Style Cycle–Discovery: 4 Step Find it Formula: Analyze

 

Finding, Defining, and Marketing Your Photographic Style

 

Lesson Info

Style Cycle–Discovery: 4 Step Find it Formula: Analyze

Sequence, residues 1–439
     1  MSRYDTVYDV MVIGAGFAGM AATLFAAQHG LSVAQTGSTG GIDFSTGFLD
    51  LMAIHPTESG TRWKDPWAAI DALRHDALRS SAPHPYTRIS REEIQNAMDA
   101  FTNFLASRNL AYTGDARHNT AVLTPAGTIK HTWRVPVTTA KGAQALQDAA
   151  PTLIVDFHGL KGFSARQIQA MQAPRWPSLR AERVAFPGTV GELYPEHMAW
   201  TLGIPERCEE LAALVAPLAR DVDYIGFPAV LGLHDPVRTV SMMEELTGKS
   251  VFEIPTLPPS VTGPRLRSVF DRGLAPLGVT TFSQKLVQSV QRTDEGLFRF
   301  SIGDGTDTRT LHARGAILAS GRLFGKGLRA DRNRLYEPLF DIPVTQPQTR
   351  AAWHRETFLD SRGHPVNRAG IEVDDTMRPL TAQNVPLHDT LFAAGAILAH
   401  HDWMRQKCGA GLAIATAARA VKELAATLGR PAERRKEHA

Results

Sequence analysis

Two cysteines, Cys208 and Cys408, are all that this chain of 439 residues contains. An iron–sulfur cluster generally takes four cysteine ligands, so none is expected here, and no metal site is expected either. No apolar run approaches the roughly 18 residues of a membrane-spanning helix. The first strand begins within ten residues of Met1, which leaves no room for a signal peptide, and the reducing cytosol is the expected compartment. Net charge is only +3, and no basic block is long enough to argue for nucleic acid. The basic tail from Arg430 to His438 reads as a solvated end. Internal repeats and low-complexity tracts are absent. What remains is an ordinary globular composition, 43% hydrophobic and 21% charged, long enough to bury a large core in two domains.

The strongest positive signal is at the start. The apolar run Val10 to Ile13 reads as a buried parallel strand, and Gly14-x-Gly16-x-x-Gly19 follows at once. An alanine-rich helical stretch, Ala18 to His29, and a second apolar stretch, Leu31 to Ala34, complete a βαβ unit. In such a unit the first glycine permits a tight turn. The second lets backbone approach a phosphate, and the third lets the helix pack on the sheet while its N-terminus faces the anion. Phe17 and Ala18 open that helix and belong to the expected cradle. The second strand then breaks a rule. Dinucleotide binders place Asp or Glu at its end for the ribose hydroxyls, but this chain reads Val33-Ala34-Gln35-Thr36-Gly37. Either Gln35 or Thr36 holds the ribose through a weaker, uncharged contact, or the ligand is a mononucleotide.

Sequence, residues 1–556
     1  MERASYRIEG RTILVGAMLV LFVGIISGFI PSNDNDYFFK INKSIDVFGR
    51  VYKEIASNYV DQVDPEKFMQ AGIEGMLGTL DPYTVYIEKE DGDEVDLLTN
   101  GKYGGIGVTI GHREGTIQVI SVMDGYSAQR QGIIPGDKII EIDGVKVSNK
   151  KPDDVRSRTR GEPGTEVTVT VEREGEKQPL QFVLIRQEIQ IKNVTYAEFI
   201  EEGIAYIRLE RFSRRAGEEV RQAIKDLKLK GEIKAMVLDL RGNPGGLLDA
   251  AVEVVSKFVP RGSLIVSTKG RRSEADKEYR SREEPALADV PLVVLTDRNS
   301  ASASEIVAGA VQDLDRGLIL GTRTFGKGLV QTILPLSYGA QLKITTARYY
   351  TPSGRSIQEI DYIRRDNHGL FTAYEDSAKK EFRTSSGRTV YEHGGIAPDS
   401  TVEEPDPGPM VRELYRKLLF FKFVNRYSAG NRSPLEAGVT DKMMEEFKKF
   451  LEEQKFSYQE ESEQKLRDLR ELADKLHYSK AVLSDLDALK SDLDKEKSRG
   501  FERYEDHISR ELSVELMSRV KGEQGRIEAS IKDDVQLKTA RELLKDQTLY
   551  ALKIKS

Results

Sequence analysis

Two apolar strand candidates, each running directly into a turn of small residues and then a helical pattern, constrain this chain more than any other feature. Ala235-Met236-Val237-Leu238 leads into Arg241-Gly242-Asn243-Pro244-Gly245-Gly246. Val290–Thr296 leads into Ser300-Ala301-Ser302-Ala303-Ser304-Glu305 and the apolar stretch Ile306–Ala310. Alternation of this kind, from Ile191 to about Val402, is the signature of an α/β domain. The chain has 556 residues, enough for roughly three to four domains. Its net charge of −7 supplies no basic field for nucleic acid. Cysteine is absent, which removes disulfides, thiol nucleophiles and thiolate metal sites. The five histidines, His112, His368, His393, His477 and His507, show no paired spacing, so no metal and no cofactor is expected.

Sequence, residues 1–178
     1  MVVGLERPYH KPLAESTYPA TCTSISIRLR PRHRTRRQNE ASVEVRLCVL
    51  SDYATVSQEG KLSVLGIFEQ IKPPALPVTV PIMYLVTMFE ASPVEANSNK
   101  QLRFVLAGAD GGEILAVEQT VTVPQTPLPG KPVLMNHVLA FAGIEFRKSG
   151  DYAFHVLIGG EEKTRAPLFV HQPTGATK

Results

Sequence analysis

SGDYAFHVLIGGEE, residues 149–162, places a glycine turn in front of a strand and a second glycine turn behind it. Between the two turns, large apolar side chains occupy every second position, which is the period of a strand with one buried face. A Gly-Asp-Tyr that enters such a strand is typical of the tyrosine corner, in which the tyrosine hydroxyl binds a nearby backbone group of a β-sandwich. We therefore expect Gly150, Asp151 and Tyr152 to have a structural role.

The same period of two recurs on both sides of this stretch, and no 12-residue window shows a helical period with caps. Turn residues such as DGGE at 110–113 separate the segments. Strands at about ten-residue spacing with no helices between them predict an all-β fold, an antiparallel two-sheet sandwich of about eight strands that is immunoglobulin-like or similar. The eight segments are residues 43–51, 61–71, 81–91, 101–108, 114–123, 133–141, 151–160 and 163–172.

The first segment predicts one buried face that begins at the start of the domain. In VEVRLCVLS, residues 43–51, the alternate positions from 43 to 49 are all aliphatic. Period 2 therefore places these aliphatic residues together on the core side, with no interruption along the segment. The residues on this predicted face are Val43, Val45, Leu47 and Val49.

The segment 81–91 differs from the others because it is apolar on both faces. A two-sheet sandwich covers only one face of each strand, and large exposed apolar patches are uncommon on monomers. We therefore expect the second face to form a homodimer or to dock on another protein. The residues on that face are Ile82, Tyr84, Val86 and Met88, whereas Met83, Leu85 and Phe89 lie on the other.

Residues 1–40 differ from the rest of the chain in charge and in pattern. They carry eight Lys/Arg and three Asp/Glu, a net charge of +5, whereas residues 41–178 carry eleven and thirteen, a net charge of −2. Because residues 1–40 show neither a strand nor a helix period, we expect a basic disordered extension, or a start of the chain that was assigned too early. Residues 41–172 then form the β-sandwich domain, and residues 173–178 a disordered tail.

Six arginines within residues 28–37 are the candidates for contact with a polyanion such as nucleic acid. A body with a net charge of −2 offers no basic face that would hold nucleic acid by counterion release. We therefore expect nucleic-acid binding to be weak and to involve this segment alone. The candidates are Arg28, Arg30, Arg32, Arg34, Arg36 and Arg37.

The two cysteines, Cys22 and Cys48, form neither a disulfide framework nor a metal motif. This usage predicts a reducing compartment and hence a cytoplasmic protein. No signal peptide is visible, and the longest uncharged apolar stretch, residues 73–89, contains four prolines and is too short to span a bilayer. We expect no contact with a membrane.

Now take those three pieces of art. We started off with three artists with bodies of work. Then we narrowed down that body of work to one image per artist. So I just showed you two here. Don't wanna take up everybody's time. I focused in on one image of each artist that I would literally buy and put on my wall. Okay? That senior that she did that was Lonnie Hoak's image, I don't know that girl. But I would put that on my wall 'cause I love it so much. Same thing and clearly, the one. But I didn't wanna pick the one of me and my son 'cause it's a recent work and I'm too emotionally attached to it 'cause it's me and my son. I wanted something but I wanted to show it to you 'cause it's very much her style. But you see why I didn't pick that one in particular? I wanted it to be more of an objective process. So now we're gonna analyze those three pieces of work. Okay? What is it about those individual pieces from each artist that makes your heart soar? Okay? So let's talk about that if my k...